Data is stored in Eliom references of a matching scope: (Persistent) session data is stored in (persistent) references of scope Eliom_common.session If you need a per-request cache for a certain function, you may use the module Ocsimore_lib.Request_cache
To be sure that all exceptions occurring during a DB request are catched and result in an error message in the box, I use the method Widget.widget_with_error_box#bind_or_display_error
Creating new extensions for wikicreole
If you create a new box, you probably want to have a syntax to place it inside a wikibox. To so that, use the function Wiki_syntax.add_extension. If you want a preparsing (i.e. do some action before saving the wikibox in the database, like creating a new wikibox for ~<<wikibox box='new'>>), use the function Wiki_syntax.add_preparser_extension. See examples in Wiki_syntaxl and Wiki_widgets
Groups and users are the same notion. The only difference is that users have a password. A user can belong to a group that belongs to another group, etc. It is recommended to create groups for each task you want. For example readers and writers of wiki. Users are added to groups accordingly.
Predefined users/groups: - admin: a special user who belongs to all groups - anonymous: non authenticated user - users: group of authenticated users - nobody: a special user with no right at all (for example when the user does not exist)
You can also create generic groups, that are parameterized by an abstracted integer, using User_sql.new_parametrized_group. For example, there exists the group of the administrators of the wiki 3. Then you can add generic inclusions between generic groups, using User_sql.add_generic_inclusion. As an example the administrators of a given wiki are also readers of this wiki.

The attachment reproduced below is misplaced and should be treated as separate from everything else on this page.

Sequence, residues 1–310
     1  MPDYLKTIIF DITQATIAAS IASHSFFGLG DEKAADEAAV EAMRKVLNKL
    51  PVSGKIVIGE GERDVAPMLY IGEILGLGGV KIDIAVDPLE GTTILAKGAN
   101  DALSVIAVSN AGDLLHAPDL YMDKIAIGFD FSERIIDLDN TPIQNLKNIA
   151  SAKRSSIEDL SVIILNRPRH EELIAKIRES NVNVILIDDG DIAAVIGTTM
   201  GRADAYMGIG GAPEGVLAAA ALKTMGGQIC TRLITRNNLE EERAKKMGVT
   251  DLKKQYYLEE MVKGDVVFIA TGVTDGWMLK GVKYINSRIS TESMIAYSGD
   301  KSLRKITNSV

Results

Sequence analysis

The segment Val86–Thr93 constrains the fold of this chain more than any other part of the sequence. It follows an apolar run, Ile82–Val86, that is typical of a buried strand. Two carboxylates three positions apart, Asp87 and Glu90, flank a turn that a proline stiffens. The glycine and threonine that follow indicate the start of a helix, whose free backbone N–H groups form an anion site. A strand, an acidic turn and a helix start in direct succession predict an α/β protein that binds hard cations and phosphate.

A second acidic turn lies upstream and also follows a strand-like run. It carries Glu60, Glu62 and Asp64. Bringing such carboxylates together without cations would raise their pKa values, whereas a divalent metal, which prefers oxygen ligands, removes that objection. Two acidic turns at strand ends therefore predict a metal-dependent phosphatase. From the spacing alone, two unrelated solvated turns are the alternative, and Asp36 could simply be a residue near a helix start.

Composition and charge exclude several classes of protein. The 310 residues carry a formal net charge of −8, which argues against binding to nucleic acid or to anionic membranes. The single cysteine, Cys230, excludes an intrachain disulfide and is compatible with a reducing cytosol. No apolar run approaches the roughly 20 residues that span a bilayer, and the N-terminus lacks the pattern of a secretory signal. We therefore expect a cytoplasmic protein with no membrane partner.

You may want to compute the permission for one user at the beginning of the request. To do that, you may create a record with boolean fields for each possible action (for one forum, one box in a wiki, one wiki, etc.). The function that will compute this can be memorised in a session cache to avoid to compute several times the same thing. See module Forum for an example. Notice however that group inclusion calls are automatically cached. Thus you may not need your own caching mechanism if you only do simple requests.
Warning: Even if two groups are equal, it is often more convenient to create both in order to avoid errors. For example if you have three possible actions : read, write, set permissions, and you want an "admin" group, meaning all three. And if you want the following generic inclusions: admin > set-perm > write > read Here, admin = set-perm, as admin is in no other group. But it is convenient to have both of them. Thus, you will not need to remember the group hierarchy when you want to test rights. If you want to test if a user has right to set permissions, just test whether he is in the group set-perm. If you want to give all rights to an user, put it in group admin. It is also more tolerant to changes in group hierarchy.